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The Effects of Smoking Availability and Environmental Smoking Cues on Smoking Motivation

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posted on 2023-08-04, 08:52 authored by Naomi Stahl

Conditioned reactions (e.g., cravings) to drug-related stimuli (e.g., objects, emotions, or situations associated with drug taking) have been examined as a potential mechanism to explain the maintenance of drug use and relapse. There is evidence that the expectation that a drug is available for consumption can enhance reactivity to environmental drug stimuli as well as possibly serve as a conditioned stimulus in its own right. Prior studies have found that smokers report greater urges to smoke when they expect to smoke sooner (e.g., 20 minutes) than later (e.g., 3 hours), with greater reactions when smoking stimuli (e.g., pack of cigarettes) are present. However, reactions to extended delays before smoking is available have not been adequately investigated (e.g., delays greater than 4 hours). Using a between-subjects factorial design, daily smokers (N=180; 112 male, 68 female) were randomized into one of six conditions in which instructions about the next available opportunity to smoke (20 minutes, 3 hours, or 24 hours) were cross with exposure to stimuli (smoking-related or neutral cues). Smoking urge, withdrawal, mood, and reaction time were assessed before and after the manipulation. Then all participants were told that they would have an opportunity to smoke and took part in a smoking versus money choice procedure for 50 minutes. Analyses revealed a main effect of availability on withdrawal symptoms, F(2,173) = 5.414, p < .001 and negative mood, F(2,173) = 8.725, p < .001, which were highly correlated (r = .87). Post-hoc comparisons revealed that those told 24 hours had significantly greater withdrawal symptoms and negative mood compared to those told 20 min and 3 hrs. No main effects of availability were found for urge, positive mood, or reaction time. There were also no main effects for smoking stimuli and no availability by smoking stimuli interactions. Participants who were initially exposed to neutral stimuli and then exposed to smoking stimuli during the choice procedure were more likely to smoke than those already exposed to smoking stimuli. A better understanding of the influence of cognitive and environmental stimuli on smoking motivation and behavior may inform the development of innovative cognitive behavioral treatment strategies for smoking cessation.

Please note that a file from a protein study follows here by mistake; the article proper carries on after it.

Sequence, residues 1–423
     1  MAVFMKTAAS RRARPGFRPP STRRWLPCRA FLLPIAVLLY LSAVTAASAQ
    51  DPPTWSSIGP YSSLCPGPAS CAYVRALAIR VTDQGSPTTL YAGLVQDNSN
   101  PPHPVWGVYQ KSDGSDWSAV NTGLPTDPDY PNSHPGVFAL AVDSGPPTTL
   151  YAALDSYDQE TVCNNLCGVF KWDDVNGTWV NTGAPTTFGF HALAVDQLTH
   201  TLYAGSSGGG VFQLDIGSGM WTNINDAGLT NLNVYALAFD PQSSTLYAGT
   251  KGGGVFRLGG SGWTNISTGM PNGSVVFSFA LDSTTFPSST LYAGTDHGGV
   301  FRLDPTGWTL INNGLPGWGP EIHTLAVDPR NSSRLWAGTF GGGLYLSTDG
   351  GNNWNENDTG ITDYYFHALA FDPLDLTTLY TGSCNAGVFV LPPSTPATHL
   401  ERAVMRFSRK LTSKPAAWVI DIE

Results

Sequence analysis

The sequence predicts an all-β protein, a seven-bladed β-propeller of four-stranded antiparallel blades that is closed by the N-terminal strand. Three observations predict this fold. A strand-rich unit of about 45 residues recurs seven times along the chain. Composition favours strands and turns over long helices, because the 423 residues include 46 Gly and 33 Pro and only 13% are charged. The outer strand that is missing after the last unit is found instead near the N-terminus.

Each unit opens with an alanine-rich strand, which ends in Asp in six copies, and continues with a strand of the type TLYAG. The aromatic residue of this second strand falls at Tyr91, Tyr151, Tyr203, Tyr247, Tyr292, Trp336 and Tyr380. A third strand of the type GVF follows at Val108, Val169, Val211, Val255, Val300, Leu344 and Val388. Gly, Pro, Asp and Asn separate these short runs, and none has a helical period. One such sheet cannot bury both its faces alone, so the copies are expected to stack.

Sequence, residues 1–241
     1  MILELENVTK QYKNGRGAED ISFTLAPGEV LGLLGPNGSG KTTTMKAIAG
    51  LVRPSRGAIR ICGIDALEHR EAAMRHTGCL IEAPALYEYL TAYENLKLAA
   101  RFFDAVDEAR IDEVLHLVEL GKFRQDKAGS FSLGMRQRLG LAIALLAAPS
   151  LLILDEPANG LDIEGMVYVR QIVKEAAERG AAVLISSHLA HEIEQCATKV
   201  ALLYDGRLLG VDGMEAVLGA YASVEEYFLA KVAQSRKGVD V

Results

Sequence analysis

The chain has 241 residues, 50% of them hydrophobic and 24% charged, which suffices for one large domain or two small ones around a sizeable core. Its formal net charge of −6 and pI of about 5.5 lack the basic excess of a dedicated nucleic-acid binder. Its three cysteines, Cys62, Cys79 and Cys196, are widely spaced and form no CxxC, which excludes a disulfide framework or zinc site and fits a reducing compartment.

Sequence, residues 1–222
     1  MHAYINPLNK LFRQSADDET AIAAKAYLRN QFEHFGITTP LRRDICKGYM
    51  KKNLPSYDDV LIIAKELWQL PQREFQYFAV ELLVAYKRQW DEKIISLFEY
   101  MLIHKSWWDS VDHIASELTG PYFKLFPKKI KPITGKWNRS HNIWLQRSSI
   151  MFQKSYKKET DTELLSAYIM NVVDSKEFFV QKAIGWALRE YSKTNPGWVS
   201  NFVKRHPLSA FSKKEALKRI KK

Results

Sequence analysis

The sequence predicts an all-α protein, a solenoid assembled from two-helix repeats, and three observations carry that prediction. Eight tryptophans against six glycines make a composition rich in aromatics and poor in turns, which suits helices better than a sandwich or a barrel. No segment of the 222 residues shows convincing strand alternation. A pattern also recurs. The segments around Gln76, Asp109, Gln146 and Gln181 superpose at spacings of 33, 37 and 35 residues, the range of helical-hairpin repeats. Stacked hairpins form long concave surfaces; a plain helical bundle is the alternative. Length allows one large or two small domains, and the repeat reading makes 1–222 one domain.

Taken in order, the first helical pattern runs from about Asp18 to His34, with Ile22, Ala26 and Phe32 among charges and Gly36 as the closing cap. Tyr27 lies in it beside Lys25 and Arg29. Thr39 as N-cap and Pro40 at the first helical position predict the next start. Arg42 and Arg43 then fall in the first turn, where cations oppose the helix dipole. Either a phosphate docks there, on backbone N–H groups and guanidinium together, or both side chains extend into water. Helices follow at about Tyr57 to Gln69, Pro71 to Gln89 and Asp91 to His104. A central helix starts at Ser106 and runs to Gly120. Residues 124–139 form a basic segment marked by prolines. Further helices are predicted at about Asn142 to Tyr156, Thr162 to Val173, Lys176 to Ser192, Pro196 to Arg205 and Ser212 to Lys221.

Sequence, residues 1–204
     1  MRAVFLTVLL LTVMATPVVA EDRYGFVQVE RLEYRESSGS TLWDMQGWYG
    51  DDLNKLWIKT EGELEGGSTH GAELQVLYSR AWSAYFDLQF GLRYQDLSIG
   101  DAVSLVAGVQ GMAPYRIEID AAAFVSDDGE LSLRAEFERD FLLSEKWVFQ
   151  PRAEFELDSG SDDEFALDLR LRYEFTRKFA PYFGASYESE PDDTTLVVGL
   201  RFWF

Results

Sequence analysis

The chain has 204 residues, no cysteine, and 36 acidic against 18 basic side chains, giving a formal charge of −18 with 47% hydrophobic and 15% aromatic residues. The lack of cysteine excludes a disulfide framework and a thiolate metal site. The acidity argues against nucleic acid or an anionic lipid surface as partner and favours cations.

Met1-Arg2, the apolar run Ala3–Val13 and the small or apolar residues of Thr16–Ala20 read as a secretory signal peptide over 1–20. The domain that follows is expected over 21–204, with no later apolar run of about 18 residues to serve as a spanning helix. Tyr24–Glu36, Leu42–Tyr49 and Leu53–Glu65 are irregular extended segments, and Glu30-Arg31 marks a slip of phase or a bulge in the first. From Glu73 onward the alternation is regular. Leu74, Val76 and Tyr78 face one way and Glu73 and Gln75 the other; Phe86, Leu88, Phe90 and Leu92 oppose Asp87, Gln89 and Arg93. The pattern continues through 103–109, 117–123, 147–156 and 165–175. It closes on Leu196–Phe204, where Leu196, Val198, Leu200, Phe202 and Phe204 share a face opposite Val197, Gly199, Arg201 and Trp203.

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American University

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Degree Awarded: M.A. Psychology. American University

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http://hdl.handle.net/1961/auislandora:84071

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